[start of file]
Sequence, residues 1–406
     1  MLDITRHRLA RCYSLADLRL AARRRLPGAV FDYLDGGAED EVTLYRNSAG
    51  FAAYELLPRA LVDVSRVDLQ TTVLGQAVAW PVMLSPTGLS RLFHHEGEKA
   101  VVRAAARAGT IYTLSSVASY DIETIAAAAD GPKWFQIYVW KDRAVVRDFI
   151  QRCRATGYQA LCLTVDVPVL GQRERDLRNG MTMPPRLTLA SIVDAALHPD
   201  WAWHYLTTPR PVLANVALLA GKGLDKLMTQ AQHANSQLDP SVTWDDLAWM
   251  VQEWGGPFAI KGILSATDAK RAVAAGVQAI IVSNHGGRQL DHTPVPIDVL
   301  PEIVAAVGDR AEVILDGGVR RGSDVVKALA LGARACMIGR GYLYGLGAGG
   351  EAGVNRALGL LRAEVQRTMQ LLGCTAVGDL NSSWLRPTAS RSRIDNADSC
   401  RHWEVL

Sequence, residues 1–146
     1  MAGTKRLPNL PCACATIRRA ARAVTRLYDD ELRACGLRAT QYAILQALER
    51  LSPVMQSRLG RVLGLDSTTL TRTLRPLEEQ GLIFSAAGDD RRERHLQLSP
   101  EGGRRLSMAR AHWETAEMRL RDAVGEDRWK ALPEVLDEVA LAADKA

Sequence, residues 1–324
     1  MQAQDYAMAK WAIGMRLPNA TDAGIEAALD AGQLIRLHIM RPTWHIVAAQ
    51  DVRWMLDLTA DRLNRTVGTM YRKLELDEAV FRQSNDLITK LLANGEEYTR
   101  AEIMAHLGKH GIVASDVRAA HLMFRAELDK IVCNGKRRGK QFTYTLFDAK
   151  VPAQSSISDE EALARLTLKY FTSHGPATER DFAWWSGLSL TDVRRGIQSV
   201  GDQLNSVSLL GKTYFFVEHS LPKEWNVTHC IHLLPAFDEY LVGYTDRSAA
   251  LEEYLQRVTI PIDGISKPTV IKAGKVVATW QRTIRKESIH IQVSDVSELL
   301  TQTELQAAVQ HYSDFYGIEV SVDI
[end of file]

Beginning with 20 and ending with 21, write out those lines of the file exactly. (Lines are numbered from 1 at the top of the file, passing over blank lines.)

   201  GDQLNSVSLL GKTYFFVEHS LPKEWNVTHC IHLLPAFDEY LVGYTDRSAA
   251  LEEYLQRVTI PIDGISKPTV IKAGKVVATW QRTIRKESIH IQVSDVSELL